Finance, Opinion

A Steller collapse: Why the $3 billion property developer was a ticking time-bomb

Adam Schwab /

Steller Property Group

Steller's Simon Pitard and Nicholas Smedley. Source: Steller.

When a $3 billion business suddenly collapses, with losses potentially exceeding $300 million, you’d expect it to be front-page news — especially when the people involved are the scions of two wealthy Melbourne families.

Alas, the demise of the Steller Property Group has largely been confined to the commercial property pages, despite the scale of the calamity involved and even a cameo appearance by Mick Gatto.

Property developers are often the canaries in the coal mine before a downturn really hits. Not only do they tend to take huge risks, but slight mishaps are magnified and can cause massive losses.

In Stellar’s case, the mishaps weren’t slight. Property sources claim Steller had been massively overpaying for sites, and its main sources of funding were shadowy hedge funds and mezzanine lenders.

In short, Steller was a ticking time-bomb.

The man with his hands on that bomb was Nick Smedley, son of the late Peter ‘Pacman’ Smedley. Peter had a fearsome reputation in corporate Australia. From his time running Mayne Nickless, to his acquisitive streak at the helm of Colonial, Peter Smedley is understood to have reaped a fortune well into the tens of millions of dollars during his career.

For a while, it looked like his young son, Nick, would do even better. But the younger Smedley had a torrid start to his career. Smedley was fined $750 and placed on a 12-month good behaviour bond, without conviction, in 2007, after pleading guilty to assaulting his then-fiancée at his parents’ house. The court heard that, at one point, Smedley hid in a wardrobe for hours before confronting the victim and smashing her phone — allegedly both his parents witnessed the attacks.

At a similar time as the court case, Nick Smedley teamed up with Simon Pitard to form Steller — a niche developer of residential apartments in middle-class Melbourne suburbs such as Bentleigh and Cheltenham.

Pitard’s wealth came the old-fashioned way: his wife, Skye Knowles, being the daughter of legendary aged care entrepreneur, Russell Knowles. Along with his brothers John and Graham, Knowles sold their Arcare aged-care business to Stockland for $329 million. The family’s wealth was estimated at more than $562 million by the BRW Rich List in 2015.

Smedley and Pitard looked to be young men on the rise. The business was apparently successful enough to afford two helicopters (albeit generously financed by the Bank of Queensland), while Smedley agreed on — but later backed out of — the purchase of a $9 million home in Melbourne’s leafy Glen Iris, costing him a $900,000 deposit.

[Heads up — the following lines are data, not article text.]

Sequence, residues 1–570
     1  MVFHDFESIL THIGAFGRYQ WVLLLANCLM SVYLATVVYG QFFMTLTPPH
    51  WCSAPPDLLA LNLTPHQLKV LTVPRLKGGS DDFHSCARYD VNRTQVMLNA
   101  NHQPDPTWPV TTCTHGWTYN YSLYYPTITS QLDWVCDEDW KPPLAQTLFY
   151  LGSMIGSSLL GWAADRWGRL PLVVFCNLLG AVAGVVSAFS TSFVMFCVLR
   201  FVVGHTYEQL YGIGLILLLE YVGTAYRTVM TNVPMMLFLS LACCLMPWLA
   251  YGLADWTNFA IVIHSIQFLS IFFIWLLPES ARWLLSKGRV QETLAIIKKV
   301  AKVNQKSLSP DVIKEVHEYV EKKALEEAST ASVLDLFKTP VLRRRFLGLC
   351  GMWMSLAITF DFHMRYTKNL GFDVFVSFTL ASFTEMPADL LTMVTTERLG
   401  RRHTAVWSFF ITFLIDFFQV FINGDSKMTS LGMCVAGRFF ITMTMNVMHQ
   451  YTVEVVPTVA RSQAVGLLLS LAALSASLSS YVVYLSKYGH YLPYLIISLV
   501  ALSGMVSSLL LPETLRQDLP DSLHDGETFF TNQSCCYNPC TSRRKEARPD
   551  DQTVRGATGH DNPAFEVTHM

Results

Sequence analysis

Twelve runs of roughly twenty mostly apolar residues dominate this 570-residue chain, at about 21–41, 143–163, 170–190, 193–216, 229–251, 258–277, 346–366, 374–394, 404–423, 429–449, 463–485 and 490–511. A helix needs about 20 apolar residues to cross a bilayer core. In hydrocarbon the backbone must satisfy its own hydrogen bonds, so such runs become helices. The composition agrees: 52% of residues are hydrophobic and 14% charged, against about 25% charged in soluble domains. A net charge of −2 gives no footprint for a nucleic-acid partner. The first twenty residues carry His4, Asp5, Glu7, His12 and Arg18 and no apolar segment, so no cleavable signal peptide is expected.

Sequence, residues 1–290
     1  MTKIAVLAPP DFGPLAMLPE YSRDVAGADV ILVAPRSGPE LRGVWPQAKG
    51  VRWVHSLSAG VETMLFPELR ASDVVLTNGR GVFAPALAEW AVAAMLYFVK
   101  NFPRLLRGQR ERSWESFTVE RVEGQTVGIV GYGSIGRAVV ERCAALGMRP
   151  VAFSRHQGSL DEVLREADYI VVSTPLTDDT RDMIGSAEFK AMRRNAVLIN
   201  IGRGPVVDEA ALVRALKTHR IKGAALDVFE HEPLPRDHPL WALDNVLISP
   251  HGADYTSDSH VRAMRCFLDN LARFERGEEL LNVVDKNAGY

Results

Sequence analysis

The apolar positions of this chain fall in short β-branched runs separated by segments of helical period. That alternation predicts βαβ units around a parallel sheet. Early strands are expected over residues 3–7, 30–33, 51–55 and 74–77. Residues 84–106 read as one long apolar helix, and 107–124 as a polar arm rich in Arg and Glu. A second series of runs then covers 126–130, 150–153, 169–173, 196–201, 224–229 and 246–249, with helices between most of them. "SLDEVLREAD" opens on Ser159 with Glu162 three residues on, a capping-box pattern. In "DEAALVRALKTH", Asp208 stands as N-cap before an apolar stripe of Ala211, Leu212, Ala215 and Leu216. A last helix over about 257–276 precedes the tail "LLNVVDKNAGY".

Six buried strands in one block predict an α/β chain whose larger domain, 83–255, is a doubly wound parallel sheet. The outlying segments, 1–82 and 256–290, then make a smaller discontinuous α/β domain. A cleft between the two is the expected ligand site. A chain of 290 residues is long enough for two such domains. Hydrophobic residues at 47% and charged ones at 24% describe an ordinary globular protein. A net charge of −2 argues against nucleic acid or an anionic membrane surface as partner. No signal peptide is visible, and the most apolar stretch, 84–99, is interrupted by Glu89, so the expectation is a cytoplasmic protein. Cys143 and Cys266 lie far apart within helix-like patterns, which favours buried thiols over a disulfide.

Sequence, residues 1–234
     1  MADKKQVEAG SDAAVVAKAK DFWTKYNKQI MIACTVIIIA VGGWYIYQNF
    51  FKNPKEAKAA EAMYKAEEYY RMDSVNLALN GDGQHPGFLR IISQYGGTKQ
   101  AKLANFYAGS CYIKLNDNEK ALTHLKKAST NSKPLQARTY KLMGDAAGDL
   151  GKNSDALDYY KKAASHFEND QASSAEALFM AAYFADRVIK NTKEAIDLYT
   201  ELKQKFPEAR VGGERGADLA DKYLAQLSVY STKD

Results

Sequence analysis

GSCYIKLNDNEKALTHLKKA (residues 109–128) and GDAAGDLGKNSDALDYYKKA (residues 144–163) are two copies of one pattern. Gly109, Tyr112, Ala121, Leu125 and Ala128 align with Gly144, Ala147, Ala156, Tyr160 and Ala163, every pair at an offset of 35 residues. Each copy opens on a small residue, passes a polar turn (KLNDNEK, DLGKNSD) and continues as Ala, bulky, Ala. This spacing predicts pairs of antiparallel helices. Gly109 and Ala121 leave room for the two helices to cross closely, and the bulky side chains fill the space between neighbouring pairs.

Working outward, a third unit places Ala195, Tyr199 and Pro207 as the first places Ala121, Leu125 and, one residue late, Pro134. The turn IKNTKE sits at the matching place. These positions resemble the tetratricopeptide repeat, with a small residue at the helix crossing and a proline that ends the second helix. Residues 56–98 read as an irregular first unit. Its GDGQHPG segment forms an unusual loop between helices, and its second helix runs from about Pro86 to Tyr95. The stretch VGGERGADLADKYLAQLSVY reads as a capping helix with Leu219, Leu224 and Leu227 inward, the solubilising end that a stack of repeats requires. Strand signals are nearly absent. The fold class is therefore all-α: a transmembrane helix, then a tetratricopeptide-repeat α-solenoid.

Steller earned a reputation for grossly overpaying for blocks — in some cases by upwards of 50% more than any other bidder — at the peak of the property cycle. The group’s best-known development, the $80 million Continental Hotel project in Sorrento, is now being developed by Steller’s former joint venture partner, Julian Gerner.

Steller’s foolhardy strategy was funded largely by Hong Kong-based hedge fund OCP, which bizarrely lent the group almost $100 million. Sydney-based Atlas Advisors was also a significant lender (and had security over a number of Steller’s residential developments). It appears the big banks largely steered clear of the failed developer.

The clean-up process is likely to take several years, with lenders unlikely to see the majority of their investment back.

It seems likely that Smedley and Pitard would have given personal guarantees to their companies, which is already becoming an issue as lenders try to recover a $10 million Peninsula property portfolio owned by Pitard’s wife.

It’s probably fair to suggest that Pitard won’t be needing a helipad at his next holiday house.

This article was first published by Crikey.

Adam Schwab is a director of Private Media and a publisher of Crikey.

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Adam Schwab

Adam is the co-founder of The Lux Group and author of Pigs at the Trough: Lessons from Australia’s decade of corporate greed. He is also a Private Media board member and former corporate lawyer.